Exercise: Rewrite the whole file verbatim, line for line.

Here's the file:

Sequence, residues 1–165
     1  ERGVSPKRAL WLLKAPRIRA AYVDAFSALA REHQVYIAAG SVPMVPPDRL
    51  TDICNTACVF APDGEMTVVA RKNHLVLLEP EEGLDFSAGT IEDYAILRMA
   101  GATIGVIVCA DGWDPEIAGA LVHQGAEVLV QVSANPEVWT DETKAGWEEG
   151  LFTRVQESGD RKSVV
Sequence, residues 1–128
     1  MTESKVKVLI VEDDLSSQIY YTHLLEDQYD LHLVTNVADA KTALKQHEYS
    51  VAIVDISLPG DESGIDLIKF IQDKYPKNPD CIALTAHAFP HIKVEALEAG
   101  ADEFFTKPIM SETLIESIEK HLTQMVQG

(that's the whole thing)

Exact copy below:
Sequence, residues 1–165
     1  ERGVSPKRAL WLLKAPRIRA AYVDAFSALA REHQVYIAAG SVPMVPPDRL
    51  TDICNTACVF APDGEMTVVA RKNHLVLLEP EEGLDFSAGT IEDYAILRMA
   101  GATIGVIVCA DGWDPEIAGA LVHQGAEVLV QVSANPEVWT DETKAGWEEG
   151  LFTRVQESGD RKSVV
Sequence, residues 1–128
     1  MTESKVKVLI VEDDLSSQIY YTHLLEDQYD LHLVTNVADA KTALKQHEYS
    51  VAIVDISLPG DESGIDLIKF IQDKYPKNPD CIALTAHAFP HIKVEALEAG
   101  ADEFFTKPIM SETLIESIEK HLTQMVQG